Chinese leader Xi Jinping has commanded the regime’s military to focus on “preparing for war,” as Beijing looks to make a splash in 2021—the year marking the 100th anniversary of the founding of the Chinese Communist Party (CCP).
In the first order of the year, Xi instructed the forces to ratchet up military training. As chairman of the regime’s Central Military Commission (CMC), Xi is head of the People’s Liberation Army (PLA), the CCP’s armed forces.
He ordered the PLA to “focus on preparing for war, deepen the transformation of military training, build a new type of military training system, and comprehensively improve the level of combat training and ability to win,” according to Chinese state media Xinhua.
The order follows the CCP’s escalation of military confrontations in several areas last year, including on the India-China border, the Taiwan Strait, and the South China Sea.
Xi also emphasized the role of technology in military training and combat, describing science and technology as a “core idea in combat effectiveness.”
The Chinese regime has embarked on an aggressive military modernization plan in a bid to challenge the dominance of the U.S. armed forces. It’s increased military spending by around tenfold in the past 20 years.
In 2020, Beijing’s stated defense budget was $178 billion, roughly a quarter of U.S. defense spending that year, although experts estimate that the amount was much higher. According to a March 2020 report, the CCP’s military spending is 87 percent that of the United States’ defense budget.
The CCP also uses a “civil-military fusion” strategy to harness technological developments from the private sector to fuel its military modernization. The U.S. administration has blocked visas for graduate-level Chinese students tied to institutions that support this strategy in a bid to guard against the transfer of American technology to Beijing. President Donald Trump also banned U.S. investments in a range of Chinese companies that support their military, due to take effect later this month, blocking U.S. capital from funding the CCP’s military development.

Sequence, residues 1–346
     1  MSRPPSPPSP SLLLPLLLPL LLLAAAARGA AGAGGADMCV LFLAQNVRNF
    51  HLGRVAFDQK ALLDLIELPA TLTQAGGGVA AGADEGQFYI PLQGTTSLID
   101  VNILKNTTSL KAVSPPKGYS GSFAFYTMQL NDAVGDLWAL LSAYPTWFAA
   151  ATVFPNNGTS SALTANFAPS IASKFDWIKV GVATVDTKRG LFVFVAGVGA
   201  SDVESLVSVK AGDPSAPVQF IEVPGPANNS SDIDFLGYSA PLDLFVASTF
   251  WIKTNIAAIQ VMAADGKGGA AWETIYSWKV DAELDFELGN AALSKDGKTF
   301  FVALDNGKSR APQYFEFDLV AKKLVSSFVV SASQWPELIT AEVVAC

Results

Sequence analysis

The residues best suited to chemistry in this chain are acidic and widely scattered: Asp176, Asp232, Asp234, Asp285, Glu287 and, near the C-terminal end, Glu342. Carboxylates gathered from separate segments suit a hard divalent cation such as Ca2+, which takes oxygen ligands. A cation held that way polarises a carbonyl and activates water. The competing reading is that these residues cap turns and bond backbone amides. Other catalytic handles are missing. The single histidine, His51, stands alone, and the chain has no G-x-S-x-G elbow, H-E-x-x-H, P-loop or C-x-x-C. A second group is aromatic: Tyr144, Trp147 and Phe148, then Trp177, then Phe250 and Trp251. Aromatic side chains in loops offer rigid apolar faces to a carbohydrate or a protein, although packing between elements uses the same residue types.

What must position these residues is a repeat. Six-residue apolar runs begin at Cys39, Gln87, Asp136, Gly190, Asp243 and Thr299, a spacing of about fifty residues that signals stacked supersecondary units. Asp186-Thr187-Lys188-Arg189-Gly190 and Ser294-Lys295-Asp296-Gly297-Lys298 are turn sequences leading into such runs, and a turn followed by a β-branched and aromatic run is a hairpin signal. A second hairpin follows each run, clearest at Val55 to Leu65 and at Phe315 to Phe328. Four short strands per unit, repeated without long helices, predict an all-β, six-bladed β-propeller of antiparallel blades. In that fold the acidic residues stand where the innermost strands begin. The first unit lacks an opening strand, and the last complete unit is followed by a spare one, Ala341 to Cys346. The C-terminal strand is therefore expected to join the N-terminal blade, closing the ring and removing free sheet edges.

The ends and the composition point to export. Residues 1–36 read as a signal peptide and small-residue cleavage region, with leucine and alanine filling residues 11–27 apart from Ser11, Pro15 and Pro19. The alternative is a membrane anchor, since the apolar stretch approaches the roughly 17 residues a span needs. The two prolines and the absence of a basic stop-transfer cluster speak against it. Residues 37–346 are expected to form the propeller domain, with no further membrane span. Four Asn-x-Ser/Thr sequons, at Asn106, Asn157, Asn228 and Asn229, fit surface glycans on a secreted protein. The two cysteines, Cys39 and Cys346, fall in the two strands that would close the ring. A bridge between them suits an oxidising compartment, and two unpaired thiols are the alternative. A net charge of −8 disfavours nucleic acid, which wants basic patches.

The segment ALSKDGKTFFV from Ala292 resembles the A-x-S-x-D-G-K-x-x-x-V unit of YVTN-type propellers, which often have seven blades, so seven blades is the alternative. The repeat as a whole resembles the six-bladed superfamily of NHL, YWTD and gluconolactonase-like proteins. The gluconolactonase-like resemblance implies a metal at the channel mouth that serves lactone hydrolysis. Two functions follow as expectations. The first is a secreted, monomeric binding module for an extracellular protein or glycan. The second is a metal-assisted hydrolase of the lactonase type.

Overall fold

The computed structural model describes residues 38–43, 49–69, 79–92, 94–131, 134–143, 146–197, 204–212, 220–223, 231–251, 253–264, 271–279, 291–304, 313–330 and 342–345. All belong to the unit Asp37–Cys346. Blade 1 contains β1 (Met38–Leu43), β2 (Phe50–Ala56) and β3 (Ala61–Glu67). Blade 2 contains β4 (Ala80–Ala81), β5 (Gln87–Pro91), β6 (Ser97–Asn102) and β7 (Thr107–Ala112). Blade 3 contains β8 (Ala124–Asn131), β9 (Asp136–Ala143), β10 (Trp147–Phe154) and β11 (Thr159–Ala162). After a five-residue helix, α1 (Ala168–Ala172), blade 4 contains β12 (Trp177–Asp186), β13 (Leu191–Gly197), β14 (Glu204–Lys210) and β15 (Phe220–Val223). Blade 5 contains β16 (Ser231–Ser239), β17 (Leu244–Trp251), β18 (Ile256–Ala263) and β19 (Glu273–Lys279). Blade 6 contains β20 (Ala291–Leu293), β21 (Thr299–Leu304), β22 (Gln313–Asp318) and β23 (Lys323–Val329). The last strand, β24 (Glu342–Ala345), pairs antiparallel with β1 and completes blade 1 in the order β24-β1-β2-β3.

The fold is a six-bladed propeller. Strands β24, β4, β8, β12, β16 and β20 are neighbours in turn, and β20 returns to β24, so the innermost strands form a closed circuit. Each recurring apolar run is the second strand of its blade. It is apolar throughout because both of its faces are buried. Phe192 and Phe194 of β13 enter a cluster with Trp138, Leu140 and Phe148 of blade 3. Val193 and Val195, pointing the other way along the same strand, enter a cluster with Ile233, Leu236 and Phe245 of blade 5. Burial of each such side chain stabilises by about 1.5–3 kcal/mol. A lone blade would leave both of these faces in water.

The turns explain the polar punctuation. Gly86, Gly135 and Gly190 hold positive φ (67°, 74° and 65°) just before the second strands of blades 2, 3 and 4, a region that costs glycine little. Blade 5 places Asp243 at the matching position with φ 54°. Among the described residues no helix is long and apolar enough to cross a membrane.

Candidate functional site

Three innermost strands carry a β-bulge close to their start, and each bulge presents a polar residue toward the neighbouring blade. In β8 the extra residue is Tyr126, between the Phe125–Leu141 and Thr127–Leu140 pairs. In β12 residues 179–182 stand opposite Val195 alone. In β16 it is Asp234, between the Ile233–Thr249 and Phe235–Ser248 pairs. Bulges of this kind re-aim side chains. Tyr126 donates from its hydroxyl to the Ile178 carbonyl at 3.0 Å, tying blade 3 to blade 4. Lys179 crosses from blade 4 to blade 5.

Xi concluded that the PLA must “resolutely implement” the instructions from the top decision-making body within the CMC, and “carry forward the spirit of fighting without fear of hardship or death.”
In October 2020, Xi told the country’s marines to focus “all [their] minds and energy into preparing for war.” Later, the CCP’s top decision-making body met and discussed “preparing for war by integrating political work into all links [chain of command] of combat effectiveness.”
Li Linyi, a U.S.-based China commentator, said at the time that the remarks were more rhetoric than anything else.
“The purpose of the high-profile war propaganda is to put some pressure on Taiwan and the United States. That’s it. At the same time, it [CCP] must satisfy the domestic nationalistic sentiments,” he said.
Last year, the Chinese regime sharply escalated pressure on Taiwan by ramping up military activity across the Taiwan Strait. The CCP considers the self-ruled island as part of its territory and has never ruled out using force to bring it under the party’s control.
The United States, meanwhile, has increased its cooperation with Taiwan. Last year, it approved several large arms sales to Taiwan and deepened diplomatic engagements with the island.